Laughed my ass off at Matt Bomer's antics. He was fantastic and so over the top. (Full disclosure: I've been a fan of his since Traveller, Chuck and his current series White Collar, so this was just icing, getting to see him play like this. He looked like he was having so much fun.)
Side note: I read a brief interview with Bomer in which he said when he goes back to filming White Collar, he's going to make sure he does lots of finger pointing and he'll start wearing earplugs because now he knows that he doesn't have to pay attention to his costar Tim DeKay. LOL.
I also read an interview with Darren Criss, in which he said that this was Blaine's big episode, a chance for him to have a story, and that the rest of the season's episodes are supposed to focus on the graduating class.
I can't defend Blaine -- at least, not impartially -- because I'm a middle child and I can recall many a time when people would stop my mom on the street to point out how beautiful my older sister's naturally red hair was, all the while never saying a word about me, which made me feel like the ugly younger sister with boring dishwater blonde hair. I also had all my sister's teachers 2 years after she had them, so I was always 'expected' to do as well as she did on everything, which I tried hard to do but such an expectation really wasn't fair. So... I'm on Blaine's side. I didn't find his reactions implausible or whiny. But like I said, I'm a middle child, so... I'm not unbiased here.
Regarding Quinn. I felt like the writers jumped ahead in a bizarre way. I had trouble with the leap in time line to well beyond the big crash. I think it was a wasted opportunity for drama, for all the kids. But then, I suppose they don't want the rest of this season to get bogged down with too much heaviness when they probably want to keep the focus on the glee club competition and the graduation of various seniors. Perhaps then they shouldn't have gone with such a heavy-duty storyline, if they didn't have the time to follow through with some decent continuity. At any rate, like others here I saw Quinn's 'sunny' outlook about her situation to be a front, and I will be very surprised if she doesn't have a meltdown soon. She can't keep up that energy for long, especially with Artie pushing her like that. We'll see what the writers have planned, I guess.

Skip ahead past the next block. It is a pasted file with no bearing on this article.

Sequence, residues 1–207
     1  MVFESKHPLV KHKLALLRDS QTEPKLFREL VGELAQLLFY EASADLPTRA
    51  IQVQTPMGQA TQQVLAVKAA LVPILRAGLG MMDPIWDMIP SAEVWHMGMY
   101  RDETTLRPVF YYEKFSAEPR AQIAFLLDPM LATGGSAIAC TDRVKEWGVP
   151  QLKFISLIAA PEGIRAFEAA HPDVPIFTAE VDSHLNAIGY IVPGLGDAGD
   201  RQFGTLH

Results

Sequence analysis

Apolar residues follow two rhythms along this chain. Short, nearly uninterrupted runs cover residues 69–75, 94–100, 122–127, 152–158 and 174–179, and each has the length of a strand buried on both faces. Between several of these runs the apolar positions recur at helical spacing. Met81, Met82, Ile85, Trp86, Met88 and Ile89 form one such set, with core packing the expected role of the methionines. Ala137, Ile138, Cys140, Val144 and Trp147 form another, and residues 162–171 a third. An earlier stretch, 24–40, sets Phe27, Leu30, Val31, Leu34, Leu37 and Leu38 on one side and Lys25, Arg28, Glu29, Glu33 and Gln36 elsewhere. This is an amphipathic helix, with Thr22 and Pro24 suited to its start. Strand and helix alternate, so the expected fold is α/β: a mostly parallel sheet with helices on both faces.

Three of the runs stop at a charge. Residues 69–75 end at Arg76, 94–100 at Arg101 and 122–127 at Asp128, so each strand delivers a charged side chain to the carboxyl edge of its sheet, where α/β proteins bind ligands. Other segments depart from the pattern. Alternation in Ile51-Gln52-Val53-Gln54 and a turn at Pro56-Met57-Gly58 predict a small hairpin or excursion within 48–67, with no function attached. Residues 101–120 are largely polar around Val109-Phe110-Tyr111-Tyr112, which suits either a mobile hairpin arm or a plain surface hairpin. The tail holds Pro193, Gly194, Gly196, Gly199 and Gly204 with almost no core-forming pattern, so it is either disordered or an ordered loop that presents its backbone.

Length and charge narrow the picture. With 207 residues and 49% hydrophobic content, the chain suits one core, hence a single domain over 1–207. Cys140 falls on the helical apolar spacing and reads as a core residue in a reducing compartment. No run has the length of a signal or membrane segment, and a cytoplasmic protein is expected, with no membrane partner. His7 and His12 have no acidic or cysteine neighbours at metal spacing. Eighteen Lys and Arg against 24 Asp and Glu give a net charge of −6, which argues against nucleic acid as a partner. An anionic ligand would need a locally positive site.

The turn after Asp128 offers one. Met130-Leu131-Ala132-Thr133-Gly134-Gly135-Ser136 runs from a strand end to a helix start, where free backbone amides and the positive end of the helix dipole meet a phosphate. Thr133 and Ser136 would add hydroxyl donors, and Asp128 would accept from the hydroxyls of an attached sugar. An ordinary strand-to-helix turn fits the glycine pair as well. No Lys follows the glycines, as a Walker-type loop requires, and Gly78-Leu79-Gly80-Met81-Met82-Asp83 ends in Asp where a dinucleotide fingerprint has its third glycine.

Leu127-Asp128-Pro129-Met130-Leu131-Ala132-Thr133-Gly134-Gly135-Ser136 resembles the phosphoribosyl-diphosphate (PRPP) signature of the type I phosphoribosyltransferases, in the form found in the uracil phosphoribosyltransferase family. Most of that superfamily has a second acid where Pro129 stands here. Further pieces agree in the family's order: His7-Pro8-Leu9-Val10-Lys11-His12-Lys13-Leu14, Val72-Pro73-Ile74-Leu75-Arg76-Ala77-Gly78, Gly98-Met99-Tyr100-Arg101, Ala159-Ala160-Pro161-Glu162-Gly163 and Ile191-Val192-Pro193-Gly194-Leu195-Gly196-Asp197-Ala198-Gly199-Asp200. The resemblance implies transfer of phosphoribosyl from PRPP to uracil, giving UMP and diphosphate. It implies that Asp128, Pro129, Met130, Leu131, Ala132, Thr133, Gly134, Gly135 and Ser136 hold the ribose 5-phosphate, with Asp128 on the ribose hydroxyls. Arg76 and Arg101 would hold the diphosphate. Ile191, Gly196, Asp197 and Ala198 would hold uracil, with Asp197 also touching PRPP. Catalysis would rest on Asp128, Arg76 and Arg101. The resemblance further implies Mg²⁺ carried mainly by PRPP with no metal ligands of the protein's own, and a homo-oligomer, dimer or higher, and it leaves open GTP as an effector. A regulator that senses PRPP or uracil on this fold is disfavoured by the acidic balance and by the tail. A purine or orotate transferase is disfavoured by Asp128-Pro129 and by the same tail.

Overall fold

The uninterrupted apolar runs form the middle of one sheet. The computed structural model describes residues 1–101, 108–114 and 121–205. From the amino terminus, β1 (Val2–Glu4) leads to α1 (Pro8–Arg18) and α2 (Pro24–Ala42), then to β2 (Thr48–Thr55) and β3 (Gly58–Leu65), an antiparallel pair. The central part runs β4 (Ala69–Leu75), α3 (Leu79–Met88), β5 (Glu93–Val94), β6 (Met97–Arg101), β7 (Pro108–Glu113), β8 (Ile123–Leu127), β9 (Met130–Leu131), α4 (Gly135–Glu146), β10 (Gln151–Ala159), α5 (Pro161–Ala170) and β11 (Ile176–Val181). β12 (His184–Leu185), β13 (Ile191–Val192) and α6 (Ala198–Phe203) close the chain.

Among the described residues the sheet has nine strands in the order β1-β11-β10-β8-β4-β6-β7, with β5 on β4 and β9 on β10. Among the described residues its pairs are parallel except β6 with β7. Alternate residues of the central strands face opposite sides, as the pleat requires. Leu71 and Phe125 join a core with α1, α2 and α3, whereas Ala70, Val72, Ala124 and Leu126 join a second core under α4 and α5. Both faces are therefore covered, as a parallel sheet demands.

I found Rachel to be frustrating in this episode. I get that she's wracked with guilt, but 1) Quinn told her that the fault lies solely on Quinn for doing the actual texting while driving, 2) Quinn didn't want all that drama and had already asked that much of her friends. Rachel's allowed to be upset for the plight of her friend, but dumping it on Quinn when she has enough to deal with is pretty lousy. Talk to Finn, talk to Kurt, talk to your dads, whatever. Just don't act like Quinn's responsible for your emotions and comforting you. When Quinn told her to "come here," I hoped it would be so she could punch Rachel in the arm (or the nose) and tell her to knock it off.
[snip] I think what [Finn] said in that final scene was spot-on. Rachel's very very focused about what she wants in her life, which is her right, but she's demanding a lot of him without much thought for his goals in their partnership. It's all about how she needs him in order to do what she wants. I don't often hear her talking about what he wants, or what she wants for them together. And she did try to dissuade him from being a mechanic in Burt's shop, helping to run the business. She told him to keep his options open, but her tone was pretty clear (at least, to me) that she thought such a job was out of line with her own goals and she considered her goals the priority. That's her prerogative, but it's Finn's prerogative not to follow her blindly. If they're supposed to get married, and if she's declaring that she can't do it without him by her side, then shouldn't she give a damn about the two of them deciding things together? It's like she's got a vision of Finn and what role she sees him playing in her big "I'm going to be a star" fantasy, and she refuses to think about anything peripheral to that dream, whether it's plausible or not.
I didn't think Finn was out of line, making the L.A. suggestion. I do think he's insane to go into business with Puckerman -- Finn's brains, seriously?? -- but I didn't think his thought process about Rachel being able to find performance work out there was out of line. Yes, Rachel has been pretty adamant about her goals involving New York and Broadway, but as others in this forum have pointed out, she's also said in the past that she'll do 'anything' to be a star, and she also lapped up everything Cooper Anderson was saying about head shots and agents and L.A. and TV, feverishly taking notes about it all. So it seemed to me like she might be open to trying it all. At least, I could see Finn thinking that, if he were watching her getting all excited about Cooper's presentation. And she did come bounding up to Finn, excitedly asking him what he thought of her scene work, so I'm not surprised he thought she might get into the idea of going to L.A.
Personally, I don't think they belong together. Not at this time, anyway. She's got her goals, and he's got a variety of his own possibilities (managing Burt's shop, going to L.A. to run a business with Puck and maybe play drums in a band on the side?), so they're probably better off pursuing their own goals at this time. They're holding each other back.
P.S. Did anything happen in this episode after Blaine was in the shower? It wasn't any major scene, but I seem to have trouble remembering anything after seeing wet, sexy shoulders. (I'm a 'notice nice shoulders' kind of girl. Among other things.) *GRIN*
Edited by TWoP Howard, Apr 12, 2012 @ 4:30 AM.
Unnecessary spoiler tags, boards on boards